If you are lucky enough to have two drawers in your small kitchen, get a second drawer divider for cooking utensils and other frequently used kitchen tools. If you can’t fit all of your utensils in the drawer, carefully evaluate what you have and get rid of duplicates and anything you really don’t use. Some less-used utensils can also be stored in an open container in a lower cabinet.
Another one of my favorite small kitchen storage ideas is to take utensils you use all the time – such as spatulas, stirrers, slotted spoons – and hang them on the wall. Command™ Utensil Hooks are great for this purpose because they can be easily mounted (and removed) without damaging the wall.
Pots and Pans
Lower cabinets are a great place for pots and pans. Once again, I am going to take a guess that you have more pots and pans than you really need. Take them all out and sort them by type and size. Do you really use them all? If you get rid of some, will you still be able to manage with the ones you have left? One of the keys to small kitchen storage is having exactly what you need but not more than that.
Once you’ve reduced your pots and pans to the ones that you really use, pick out the ones you use the most. If your cabinets are deep, put the less frequently-used ones in the back and the more frequently-used ones in the front. If your cabinets are shallow, arrange them so that the more frequently-used ones are easier to see.
Rather than stacking narrow items like pans and lids, you might consider standing them up for easy access. I recommend the YouCopia Storemore Adjustable Pan and Lid Rack, which has worked wonders in my lower cabinet.
Another trick is to hang pans on the wall. In my kitchen, I used Command™ Medium Hooks to hang up my griddle and two of my frying pans. Those are three items that get used all the time in my small kitchen, and it’s great to have them so handy.
In a tiny kitchen, you’re not likely to have a pantry closet. Instead, you will have to devote cabinet space to food storage. As with your dishes, keep the most frequently-used food items at eye level. Small items like spices can be easily accessed using a turntable like this Copco Cabinet Lazy Susan. Be sure to measure the depth of your cabinet before buying a turntable, as many will be too deep for you.
When you have multiples of the same item, store them from front to back, with the one that expires soonest in the front. If your items are stackable – like soup cans – you can store them in multiple levels to save space. If your food items come in packages that don’t stand up easily, consider a product like the iDesign Linus Packet Organizer to keep them upright.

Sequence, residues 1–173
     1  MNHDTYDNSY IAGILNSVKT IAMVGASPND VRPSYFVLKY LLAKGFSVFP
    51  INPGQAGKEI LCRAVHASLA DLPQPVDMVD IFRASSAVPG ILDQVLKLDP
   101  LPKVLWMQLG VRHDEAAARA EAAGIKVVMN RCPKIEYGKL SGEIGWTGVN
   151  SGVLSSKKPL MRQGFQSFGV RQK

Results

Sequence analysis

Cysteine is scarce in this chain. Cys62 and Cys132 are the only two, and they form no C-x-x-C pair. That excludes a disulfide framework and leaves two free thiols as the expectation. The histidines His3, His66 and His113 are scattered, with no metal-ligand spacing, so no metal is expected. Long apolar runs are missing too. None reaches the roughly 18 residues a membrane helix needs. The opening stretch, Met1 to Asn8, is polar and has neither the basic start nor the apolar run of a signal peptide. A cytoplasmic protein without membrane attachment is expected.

Your Shopping Habits and Kitchen Organization
It’s great to apply small kitchen storage ideas to make your kitchen more manageable, but it’s important to keep in mind that you may need to adjust your shopping habits to keep your small kitchen organized. Once you know how much your kitchen can comfortably hold, don’t buy more than that. Avoid buying in bulk. It may save you money per ounce, but it costs you in terms of comfort and peace of mind. If the item you are buying comes in multiple sizes, buy the smaller size.
In New York City, we walk from our supermarkets back to our homes, so most of us buy only what we can carry. meori has some helpful products to enable you to get your groceries home easily. The meori Medium Essential Tote has a structured bottom to support what you buy, but folds up easily when it’s not in use. It also comes in small and large sizes. I also like the meori Pocket Shoppers, which fit into a purse or a pocket until you are ready to do your shopping.
I hope these small kitchen storage ideas will help you get comfortable with your limited space. Small space is a challenge that can be overcome with the right mindset and tools.
Thank you to our guest blogger, Sharon, who is currently the Treasurer on the Board of Directors of the National Association for Productivity and Organizing Professionals (NAPO). When she is not organizing or volunteering, she enjoys performing and directing with a community theatre group in New York City.
Which kitchen organization tip is your favorite?